Re:Why isn't the insecurity of Windows mentioned? (0)

pandrijeczko (588093) | more than 5 years ago | (#25725807)

Most SPAM originates from Windows machines.

I'm a mainly Linux/UNIX guy but the above statement is entirely incorrect.

Most Spam originates through incorrectly configured mail servers that allow mail relaying. In reality, it's much easier to leave on open relay on something like Sendmail on Unix than it probably is on Microsoft Exchange.

Re:Why isn't the insecurity of Windows mentioned? (4, Informative)

whoever57 (658626) | more than 5 years ago | (#25726253)

Most Spam originates through incorrectly configured mail servers that allow mail relaying. In reality, it's much easier to leave on open relay on something like Sendmail on Unix than it probably is on Microsoft Exchange.

Did we just jump in back 5 (or more) years in time?

You are joking, right? Open relays have been oveshadowed by compromised destop machines as spam sources for a few years now. Plus, since SMTP MTAs tend to be on static IPs, the use of RBLs has effectively limited the reach of open relays as sources for any kind of email (SPAM or otherwise).

Re:Why isn't the insecurity of Windows mentioned? (0, Troll)

pandrijeczko (588093) | more than 5 years ago | (#25728417)

Actually, to correct you, it tends to be more compromised online email accounts (like Gmail and Hotmail) with guessable passwords than it is end client email viruses.

If it's really that big a problem then... (4, Interesting)

Spatial (1235392) | more than 5 years ago | (#25725705)

...take them out.

The computers I mean. If it's that bad the zombies need to be killed off.

I've read a few stories about researchers infiltrating botnets and being able to see a list of all the compromised computers. I wonder if it's possible to completely stop network access remotely without causing data loss.

If I was in a position where I could press a button and wipe the MBR of every zombied computer on a gigantic botnet, I'm not sure if I would or not. Would you?

Re:If it's really that big a problem then... (0)

Anonymous Coward | more than 5 years ago | (#25726295)

If I was in a position where I could press a button and wipe the MBR of every zombied computer on a gigantic botnet, I'm not sure if I would or not. Would you?

Yes. Boot off a bootable CD/etc if you don't have a backup of your data before reinstalling.

Re:If it's really that big a problem then... (1)

swilde23 (874551) | more than 5 years ago | (#25727001)

Orrin Hatch wants you to join the "we'll blow up your computer" army. Do you have what it takes?

Re:If it's really that big a problem then... (1)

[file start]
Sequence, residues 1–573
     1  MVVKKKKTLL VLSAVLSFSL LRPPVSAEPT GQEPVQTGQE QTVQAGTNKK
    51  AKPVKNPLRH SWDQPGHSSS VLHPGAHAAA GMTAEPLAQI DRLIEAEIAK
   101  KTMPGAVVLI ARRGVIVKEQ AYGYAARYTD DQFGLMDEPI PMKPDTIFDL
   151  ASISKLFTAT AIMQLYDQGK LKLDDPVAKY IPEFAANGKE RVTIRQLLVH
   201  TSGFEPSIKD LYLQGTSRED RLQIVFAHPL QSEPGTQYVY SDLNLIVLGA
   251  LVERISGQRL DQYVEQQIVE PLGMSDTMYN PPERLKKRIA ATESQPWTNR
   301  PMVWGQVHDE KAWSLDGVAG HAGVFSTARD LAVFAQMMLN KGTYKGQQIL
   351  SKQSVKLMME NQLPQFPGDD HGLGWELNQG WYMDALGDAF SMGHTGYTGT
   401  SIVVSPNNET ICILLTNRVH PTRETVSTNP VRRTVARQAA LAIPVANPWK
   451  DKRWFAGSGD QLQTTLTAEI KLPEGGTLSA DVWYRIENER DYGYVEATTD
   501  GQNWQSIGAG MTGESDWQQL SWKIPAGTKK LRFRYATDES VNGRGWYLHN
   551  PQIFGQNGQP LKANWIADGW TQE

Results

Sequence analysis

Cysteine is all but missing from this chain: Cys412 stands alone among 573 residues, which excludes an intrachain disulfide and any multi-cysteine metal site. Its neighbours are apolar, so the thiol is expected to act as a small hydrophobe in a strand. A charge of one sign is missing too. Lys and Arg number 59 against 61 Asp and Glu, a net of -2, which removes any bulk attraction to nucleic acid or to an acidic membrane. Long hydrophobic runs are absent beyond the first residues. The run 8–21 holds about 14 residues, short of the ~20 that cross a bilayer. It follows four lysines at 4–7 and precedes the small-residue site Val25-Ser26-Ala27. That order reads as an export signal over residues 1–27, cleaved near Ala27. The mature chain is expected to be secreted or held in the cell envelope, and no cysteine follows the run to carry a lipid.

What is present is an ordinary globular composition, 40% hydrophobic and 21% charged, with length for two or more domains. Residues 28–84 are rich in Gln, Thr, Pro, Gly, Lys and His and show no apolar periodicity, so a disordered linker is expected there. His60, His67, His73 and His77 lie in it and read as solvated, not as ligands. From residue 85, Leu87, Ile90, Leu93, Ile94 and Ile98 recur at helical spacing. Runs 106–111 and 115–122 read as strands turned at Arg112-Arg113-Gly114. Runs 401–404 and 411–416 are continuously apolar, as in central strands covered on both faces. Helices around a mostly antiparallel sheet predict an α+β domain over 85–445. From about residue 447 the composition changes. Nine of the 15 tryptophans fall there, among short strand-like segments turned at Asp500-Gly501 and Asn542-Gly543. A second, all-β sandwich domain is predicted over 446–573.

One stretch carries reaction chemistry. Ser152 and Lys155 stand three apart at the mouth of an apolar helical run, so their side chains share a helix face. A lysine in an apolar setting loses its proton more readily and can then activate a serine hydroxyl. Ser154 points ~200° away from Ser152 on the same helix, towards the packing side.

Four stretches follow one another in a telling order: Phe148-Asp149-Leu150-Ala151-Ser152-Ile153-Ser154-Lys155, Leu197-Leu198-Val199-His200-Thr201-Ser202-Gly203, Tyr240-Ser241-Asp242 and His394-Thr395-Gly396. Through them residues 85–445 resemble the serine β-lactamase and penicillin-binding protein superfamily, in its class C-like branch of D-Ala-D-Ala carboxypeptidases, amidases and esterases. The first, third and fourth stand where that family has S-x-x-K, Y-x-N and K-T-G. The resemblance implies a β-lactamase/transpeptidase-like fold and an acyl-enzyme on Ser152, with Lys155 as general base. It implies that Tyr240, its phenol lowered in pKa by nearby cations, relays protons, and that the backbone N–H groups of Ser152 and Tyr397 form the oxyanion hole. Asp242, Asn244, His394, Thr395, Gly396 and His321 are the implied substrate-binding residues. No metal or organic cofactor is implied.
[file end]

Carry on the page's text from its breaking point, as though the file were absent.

shentino (1139071) | more than 5 years ago | (#25727989)

The trouble with this plan is collateral damage.

Often, zombies are also hostages.

As long as the process makes sure that reinstallation of the OS doesn't burn up any licenses for anything (I'm looking at YOU EA...), then I would be in favor of such a move.

The annoying inconvenience should be incentive enough for people to invest in securing their computers. Anything more severe than that, and you're treating the disease by killing the patient.

As far as getting caught, I just remember that galileo got tried for heresy for stating the truth. If it's worth the risk, go for it as long as nobody innocent gets profoundly hurt.

Great Explaination (4, Insightful)

IceCreamGuy (904648) | more than 5 years ago | (#25726007)

Most believe that the DNS cache poisoning flaw disclosed earlier this year was poorly handled and increased the danger of the threat

The Kaminsky thing? The ISPs thought it was handled poorly? How ***the fuck*** should it have been handled then? The day they disclosed publicly that there was a vulnerability, nevermind that they didn't disclose the details, they had patches out for every major DNS server and any ISP who wanted to be patched could have been. WTF?

Scary stuff (5, Funny)

Larryish (1215510) | more than 5 years ago | (#25726105)

This is terrifying.

So terrifying, in fact, that I fully support the rebuilding of the entire Internet by pseudo-Democratic countries like the United States, and large businesses such as General Electric and Monsanto.

We have to stop these faceless Internet terrorists once and for all!
Load More Comments
Slashdot Account

Need an Account?

Forgot your password?

Don't worry, we never post anything without your permission.

Submission Text Formatting Tips

We support a small subset of HTML, namely these tags:

  • b
  • i
  • p
  • br
  • a
  • ol
  • ul
  • li
  • dl
  • dt
  • dd
  • em
  • strong
  • tt
  • blockquote
  • div
  • quote
  • ecode

"ecode" can be used for code snippets, for example:

<ecode>    while(1) { do_something(); } </ecode>
Sign up for Slashdot Newsletters
Create a Slashdot Account

Loading...